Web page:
State lawmakers are considering a bill that would set a higher standard for when Department of Natural Resources wardens can set foot on private property.
Under current law, wardens can enter private land for any reason – something state Senator Dave Craig (R-Town of Vernon) contends may be unconstitutional. “This carte blanche search authority by government officials is unprecedented,” Craig testified, during a hearing at the Capitol Wednesday.
Craig and Rep. Adam Jarchow (R-Balsam Lake) are co-sponsoring a bill that would require wardens to have a reasonable suspicion that a crime is being committed, before they can go on private property. “Reasonable suspicion is not too much to ask when law enforcement officers want to barge on private property without our permission,” Jarchow said during the hearing.
The bill received a long line of speakers who oppose the change, many of which argued that it would make it difficult for conservation wardens to enforce state laws on hunting, fishing, and trapping, while effectively privatizing wildlife management.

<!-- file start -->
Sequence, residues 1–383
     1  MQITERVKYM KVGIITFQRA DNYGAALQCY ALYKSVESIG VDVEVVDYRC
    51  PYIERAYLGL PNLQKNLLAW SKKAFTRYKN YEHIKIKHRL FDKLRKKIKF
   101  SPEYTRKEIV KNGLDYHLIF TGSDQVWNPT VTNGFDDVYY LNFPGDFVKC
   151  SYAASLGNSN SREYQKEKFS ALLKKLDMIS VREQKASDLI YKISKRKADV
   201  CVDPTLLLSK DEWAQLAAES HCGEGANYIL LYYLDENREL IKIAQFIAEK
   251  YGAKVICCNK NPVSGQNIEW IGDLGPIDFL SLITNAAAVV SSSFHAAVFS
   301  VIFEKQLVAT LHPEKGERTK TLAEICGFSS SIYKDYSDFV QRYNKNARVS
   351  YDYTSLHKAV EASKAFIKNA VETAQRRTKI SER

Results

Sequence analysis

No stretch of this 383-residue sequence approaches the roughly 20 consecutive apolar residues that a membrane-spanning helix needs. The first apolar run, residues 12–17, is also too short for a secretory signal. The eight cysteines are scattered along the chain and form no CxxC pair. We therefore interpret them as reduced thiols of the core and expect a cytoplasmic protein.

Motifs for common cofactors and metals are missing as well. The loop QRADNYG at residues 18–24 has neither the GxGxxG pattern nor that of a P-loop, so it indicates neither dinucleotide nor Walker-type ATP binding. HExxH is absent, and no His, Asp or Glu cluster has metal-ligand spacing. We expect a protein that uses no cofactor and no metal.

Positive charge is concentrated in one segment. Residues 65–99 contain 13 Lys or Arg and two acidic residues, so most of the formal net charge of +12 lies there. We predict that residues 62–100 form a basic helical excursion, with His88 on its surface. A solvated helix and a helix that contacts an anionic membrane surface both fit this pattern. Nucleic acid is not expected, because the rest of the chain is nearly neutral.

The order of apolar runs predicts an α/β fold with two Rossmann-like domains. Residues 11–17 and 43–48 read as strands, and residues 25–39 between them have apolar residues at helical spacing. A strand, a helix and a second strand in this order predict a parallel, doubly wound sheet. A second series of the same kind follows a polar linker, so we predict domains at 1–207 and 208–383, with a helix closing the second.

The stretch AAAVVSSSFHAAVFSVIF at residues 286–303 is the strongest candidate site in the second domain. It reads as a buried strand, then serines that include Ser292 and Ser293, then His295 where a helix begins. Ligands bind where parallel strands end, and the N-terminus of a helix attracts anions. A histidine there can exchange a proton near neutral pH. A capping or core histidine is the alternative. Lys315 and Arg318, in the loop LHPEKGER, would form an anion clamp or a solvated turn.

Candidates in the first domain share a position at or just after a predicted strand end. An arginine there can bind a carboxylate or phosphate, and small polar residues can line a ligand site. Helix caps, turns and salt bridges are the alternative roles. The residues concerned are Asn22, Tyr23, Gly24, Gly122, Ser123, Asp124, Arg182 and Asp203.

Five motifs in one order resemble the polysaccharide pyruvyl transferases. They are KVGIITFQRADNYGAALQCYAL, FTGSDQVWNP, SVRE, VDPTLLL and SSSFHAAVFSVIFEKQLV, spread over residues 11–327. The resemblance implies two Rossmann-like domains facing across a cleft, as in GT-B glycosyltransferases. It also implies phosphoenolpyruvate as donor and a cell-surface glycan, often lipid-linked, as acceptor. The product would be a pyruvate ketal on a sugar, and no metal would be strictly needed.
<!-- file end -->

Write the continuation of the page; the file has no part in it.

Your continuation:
Ralph Fritsch with the Wisconsin Wildlife Federation said it would severely handicap the ability of wardens to stop illegal activity, such as poaching, from happening on the 80 percent of the land in the state that’s privately held. “Fish and wildlife are owned by the public, and there is a strong need to protect that fish and game from being poached even on private lands,” he said. “Every person that is hunting, trapping, or fishing on private lands without a license is taking money away from the state…and the management that supports fish and wildlife.”
The bill is being considered by the Assembly Natural Resources Committee.